Why should we punish these small businesses that play an important role in our economy? As I will try to show this afternoon, it would be preferable to examine the bill in committee than to defeat it, as some members of the House would like to do, without hearing from experts and those who will be affected.

This bill seeks to address an existing weakness in the Canada Post Corporation Act. A difference in the wording of the English and French versions of the provisions of the Canada Post Corporation Act dealing with the exclusive privilege of the corporation has allowed other companies to deliver mail to people in other countries.

Acting on this difference in wording, the Canadian International Mail Association has been able to collect and distribute letters weighing up to 500 grams addressed to foreign recipients for 20 years—I repeat, for 20 years. Recently, Canada Post decided to exercise the exclusive privilege giving it a monopoly over mail to foreign addresses.

International remailers have been in operation for more than 20 years. They operative almost exclusively in three large metropolitan areas—Montreal, Toronto and Vancouver. The revenue of these international remailers here in Canada is estimated at about $50 million per year, which is less than 0.8% of Canada Post’s annual revenue. There is no competition in other areas. They do not compete for distribution of mail in small rural communities where Canada Post may be an important employer, if not the most important. Nobody competes with Canada Post for the role of the standard bearer of our presence in Canada, a contact point between government and citizens all across the country.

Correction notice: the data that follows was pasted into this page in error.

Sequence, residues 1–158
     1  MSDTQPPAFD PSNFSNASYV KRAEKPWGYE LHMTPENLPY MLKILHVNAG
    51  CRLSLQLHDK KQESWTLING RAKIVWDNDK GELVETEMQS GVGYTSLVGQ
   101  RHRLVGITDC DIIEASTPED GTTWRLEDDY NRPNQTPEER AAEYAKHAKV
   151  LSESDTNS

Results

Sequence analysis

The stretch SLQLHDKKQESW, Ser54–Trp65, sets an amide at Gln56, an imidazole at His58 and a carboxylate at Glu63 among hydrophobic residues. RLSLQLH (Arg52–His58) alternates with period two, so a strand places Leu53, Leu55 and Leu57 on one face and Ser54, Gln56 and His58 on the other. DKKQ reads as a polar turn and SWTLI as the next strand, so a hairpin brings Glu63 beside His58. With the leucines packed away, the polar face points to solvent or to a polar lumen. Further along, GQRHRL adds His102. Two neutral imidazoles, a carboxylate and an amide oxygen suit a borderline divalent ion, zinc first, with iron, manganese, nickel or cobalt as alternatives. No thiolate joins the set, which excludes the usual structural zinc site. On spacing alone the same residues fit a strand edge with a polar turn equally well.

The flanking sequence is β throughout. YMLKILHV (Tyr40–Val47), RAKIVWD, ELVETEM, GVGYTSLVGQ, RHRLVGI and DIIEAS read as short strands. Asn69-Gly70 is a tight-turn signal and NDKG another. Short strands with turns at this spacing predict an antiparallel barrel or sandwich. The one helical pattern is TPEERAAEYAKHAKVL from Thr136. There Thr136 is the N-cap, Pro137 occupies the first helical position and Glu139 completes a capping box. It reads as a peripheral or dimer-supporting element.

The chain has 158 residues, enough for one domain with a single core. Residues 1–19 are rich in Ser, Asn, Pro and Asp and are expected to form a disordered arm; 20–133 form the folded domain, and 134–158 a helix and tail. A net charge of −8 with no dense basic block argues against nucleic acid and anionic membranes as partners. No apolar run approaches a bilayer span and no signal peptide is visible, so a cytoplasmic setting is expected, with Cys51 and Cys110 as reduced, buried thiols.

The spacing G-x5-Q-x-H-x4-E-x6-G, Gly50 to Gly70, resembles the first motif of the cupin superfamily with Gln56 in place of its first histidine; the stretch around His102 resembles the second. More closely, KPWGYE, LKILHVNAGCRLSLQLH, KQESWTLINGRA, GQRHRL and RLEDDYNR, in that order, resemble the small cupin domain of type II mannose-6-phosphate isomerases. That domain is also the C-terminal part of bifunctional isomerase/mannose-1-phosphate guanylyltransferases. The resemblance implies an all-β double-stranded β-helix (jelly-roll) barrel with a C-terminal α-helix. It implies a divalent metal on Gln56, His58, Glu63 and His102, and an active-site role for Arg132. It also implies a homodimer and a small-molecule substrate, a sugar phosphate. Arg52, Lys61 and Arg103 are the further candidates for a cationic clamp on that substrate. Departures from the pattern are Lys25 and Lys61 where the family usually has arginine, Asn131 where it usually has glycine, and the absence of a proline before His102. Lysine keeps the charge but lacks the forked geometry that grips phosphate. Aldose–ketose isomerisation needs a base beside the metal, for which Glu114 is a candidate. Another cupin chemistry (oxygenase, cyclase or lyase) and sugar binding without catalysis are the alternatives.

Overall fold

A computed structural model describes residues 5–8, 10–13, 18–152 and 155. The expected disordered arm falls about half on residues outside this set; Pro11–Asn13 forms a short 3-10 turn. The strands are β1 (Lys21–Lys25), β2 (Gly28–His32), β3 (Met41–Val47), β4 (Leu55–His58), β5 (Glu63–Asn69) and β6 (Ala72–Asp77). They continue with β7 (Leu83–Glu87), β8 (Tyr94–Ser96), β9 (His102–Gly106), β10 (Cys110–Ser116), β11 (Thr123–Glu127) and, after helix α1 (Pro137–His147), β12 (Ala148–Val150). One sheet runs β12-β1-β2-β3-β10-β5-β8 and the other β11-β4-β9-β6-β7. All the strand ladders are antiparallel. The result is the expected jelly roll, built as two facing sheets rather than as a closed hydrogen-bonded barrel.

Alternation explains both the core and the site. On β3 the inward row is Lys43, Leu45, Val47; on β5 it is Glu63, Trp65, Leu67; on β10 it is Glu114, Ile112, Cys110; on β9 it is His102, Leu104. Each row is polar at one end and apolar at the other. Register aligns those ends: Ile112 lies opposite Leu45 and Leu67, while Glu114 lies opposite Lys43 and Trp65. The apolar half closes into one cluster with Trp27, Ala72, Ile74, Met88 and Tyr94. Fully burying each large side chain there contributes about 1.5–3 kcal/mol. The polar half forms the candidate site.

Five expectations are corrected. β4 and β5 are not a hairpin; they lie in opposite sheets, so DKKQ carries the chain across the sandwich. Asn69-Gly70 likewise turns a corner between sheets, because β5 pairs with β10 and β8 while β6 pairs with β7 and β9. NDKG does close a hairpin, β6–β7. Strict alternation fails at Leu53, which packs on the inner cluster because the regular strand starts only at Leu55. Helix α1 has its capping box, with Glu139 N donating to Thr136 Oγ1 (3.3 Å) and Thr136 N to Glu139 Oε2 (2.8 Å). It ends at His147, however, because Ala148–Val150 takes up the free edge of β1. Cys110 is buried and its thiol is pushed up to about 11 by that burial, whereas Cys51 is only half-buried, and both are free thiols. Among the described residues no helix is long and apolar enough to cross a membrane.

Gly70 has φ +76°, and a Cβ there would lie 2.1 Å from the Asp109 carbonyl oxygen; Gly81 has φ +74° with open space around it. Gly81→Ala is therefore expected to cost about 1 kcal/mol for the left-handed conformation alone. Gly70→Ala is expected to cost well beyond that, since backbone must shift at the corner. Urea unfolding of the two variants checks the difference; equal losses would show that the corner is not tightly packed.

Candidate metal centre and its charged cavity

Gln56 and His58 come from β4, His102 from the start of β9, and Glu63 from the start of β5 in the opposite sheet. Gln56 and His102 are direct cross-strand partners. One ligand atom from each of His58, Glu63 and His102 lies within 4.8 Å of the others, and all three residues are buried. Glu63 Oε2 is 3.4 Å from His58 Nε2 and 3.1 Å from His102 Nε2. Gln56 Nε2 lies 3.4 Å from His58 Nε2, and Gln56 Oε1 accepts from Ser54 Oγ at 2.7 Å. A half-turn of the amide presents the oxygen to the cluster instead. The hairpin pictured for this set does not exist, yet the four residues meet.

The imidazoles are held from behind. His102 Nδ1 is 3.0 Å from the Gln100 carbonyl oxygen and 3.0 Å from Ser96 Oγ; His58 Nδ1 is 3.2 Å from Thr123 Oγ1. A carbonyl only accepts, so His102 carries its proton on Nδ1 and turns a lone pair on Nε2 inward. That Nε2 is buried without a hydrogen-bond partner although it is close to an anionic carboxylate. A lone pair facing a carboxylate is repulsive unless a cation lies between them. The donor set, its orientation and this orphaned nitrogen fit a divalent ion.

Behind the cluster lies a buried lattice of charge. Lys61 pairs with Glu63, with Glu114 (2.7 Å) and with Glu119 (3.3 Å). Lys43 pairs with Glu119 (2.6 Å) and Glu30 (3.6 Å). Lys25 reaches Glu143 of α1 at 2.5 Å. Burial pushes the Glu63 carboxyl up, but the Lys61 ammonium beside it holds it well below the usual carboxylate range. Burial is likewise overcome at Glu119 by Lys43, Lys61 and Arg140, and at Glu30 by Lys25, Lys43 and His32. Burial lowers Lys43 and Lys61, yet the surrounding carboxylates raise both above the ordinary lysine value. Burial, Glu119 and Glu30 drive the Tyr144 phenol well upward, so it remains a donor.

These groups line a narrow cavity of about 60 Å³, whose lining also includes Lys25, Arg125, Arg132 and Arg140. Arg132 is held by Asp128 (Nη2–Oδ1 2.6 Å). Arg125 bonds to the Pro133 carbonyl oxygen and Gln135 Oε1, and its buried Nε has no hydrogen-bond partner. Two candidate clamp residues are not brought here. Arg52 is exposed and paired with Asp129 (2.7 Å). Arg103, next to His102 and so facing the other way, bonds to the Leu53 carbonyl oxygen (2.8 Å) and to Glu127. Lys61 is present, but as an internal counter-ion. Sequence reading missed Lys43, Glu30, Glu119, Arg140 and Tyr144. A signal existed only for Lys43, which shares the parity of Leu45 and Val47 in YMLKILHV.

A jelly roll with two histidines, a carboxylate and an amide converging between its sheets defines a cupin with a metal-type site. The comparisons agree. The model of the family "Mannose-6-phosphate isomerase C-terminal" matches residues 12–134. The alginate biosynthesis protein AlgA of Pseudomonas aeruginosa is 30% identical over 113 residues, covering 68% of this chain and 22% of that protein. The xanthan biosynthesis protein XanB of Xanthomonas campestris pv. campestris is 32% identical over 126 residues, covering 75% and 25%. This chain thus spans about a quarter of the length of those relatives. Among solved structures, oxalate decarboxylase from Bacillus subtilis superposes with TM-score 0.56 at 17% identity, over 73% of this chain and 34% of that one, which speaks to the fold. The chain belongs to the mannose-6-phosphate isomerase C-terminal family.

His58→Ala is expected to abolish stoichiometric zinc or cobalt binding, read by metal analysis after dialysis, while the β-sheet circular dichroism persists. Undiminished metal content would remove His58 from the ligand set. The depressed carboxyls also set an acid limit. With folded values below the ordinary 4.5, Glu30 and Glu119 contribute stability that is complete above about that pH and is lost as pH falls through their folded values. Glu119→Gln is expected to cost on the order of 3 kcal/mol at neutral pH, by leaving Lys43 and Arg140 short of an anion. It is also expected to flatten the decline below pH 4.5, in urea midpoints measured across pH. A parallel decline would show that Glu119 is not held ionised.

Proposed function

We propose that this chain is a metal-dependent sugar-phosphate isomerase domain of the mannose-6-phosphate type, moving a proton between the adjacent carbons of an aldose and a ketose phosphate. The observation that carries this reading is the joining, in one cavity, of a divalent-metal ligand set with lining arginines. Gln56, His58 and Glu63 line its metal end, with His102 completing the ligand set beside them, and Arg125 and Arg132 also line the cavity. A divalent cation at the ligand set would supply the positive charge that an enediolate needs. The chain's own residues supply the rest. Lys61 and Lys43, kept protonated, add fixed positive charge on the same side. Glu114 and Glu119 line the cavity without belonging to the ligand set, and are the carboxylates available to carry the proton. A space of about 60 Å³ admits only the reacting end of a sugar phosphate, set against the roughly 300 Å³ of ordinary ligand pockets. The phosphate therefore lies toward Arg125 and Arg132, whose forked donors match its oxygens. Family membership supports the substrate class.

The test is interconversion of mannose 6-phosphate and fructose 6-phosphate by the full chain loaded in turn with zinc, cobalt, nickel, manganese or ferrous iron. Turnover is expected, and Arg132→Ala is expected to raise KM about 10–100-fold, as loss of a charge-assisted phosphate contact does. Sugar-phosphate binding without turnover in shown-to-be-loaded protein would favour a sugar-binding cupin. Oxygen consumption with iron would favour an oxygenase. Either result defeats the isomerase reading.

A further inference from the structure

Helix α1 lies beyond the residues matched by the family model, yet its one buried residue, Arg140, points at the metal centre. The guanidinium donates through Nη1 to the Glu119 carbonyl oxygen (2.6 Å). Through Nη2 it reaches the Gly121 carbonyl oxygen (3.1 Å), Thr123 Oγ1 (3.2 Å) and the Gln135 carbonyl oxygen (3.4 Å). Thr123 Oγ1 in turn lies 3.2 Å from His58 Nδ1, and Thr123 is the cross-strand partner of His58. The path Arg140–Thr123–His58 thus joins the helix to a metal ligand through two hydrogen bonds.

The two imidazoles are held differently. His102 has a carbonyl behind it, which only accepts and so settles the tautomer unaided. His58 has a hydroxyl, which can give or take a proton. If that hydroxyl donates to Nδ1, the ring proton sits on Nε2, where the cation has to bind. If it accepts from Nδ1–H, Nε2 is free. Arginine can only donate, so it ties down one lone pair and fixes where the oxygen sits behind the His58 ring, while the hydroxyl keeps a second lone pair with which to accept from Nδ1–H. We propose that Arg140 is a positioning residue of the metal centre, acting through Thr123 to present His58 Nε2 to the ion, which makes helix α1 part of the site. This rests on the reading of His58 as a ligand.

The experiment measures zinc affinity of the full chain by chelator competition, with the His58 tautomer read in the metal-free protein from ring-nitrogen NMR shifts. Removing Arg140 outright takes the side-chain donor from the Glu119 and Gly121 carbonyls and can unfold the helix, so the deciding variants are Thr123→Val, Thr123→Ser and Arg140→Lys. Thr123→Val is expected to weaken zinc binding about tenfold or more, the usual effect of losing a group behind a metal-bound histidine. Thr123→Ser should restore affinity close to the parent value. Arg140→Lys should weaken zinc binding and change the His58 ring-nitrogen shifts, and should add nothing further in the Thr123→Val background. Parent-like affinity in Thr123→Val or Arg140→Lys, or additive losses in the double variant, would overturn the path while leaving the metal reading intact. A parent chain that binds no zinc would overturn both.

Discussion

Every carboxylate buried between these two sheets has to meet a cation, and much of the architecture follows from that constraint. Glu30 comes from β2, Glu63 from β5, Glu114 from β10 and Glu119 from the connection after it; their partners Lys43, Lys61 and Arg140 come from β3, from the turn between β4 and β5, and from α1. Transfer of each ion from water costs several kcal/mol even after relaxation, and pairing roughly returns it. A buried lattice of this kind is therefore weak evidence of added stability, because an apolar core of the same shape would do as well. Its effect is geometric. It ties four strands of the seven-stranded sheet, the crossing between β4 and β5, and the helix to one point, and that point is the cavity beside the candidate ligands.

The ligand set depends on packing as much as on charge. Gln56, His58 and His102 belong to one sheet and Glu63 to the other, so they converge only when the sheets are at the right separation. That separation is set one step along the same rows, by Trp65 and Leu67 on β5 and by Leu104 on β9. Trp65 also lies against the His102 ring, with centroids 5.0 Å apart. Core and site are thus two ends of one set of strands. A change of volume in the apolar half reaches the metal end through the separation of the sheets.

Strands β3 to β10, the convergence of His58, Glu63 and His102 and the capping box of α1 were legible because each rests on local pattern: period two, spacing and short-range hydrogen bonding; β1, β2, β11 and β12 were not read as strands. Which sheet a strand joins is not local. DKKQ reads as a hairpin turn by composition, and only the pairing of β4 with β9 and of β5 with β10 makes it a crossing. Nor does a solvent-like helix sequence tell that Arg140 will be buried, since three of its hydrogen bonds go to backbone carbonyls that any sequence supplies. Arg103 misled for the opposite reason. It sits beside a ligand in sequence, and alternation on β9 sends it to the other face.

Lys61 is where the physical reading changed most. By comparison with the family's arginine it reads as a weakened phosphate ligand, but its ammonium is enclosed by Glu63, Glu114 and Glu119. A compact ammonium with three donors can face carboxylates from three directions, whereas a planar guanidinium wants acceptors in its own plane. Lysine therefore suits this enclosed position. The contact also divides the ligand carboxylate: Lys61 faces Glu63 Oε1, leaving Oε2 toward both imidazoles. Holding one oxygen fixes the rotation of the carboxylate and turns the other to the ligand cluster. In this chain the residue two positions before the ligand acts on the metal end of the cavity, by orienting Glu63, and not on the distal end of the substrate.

This sector has prospered for more than 20 years. Obviously, its success is not so great as to significantly affect Canada Post’s revenue. Last year, Canada Post generated total revenue of $7.3 billion. While the postal delivery sector was stable, remailing companies did not take in much more than $50 million. One can see that they do not represent a Trojan horse for Canada Post, despite what the corporation and the Canadian Union of Postal Workers may say. I am a former member of that union. In fact, I was a shop steward.

As my hon. colleague, the member for Eglinton—Lawrence, put it so eloquently in his speech in this House on this very bill on November 20, 2007, and I quote:

As members of the House of Commons, our first obligation is to ensure that no legislation goes through the House that damages the potential available to any Canadian and, concomitant with that, the obligation to nurture an environment that gives Canadians that same opportunity.

Indeed, members of the Liberal opposition and I have been aware of the potential impact killing this legitimate business, killing this legitimate competition, and its impact on Canadians. We have been working hard to remedy the situation.

I would like to give a little history of what Liberals have been working on, on this issue. On March 22, 2007, the member for Etobicoke Centre wrote the Minister of Transport as the then Liberal critic for crown corporations. He insisted in his letter that the government make the necessary legislative changes to continue to allow these firms to operate. If I may just read the actual letter: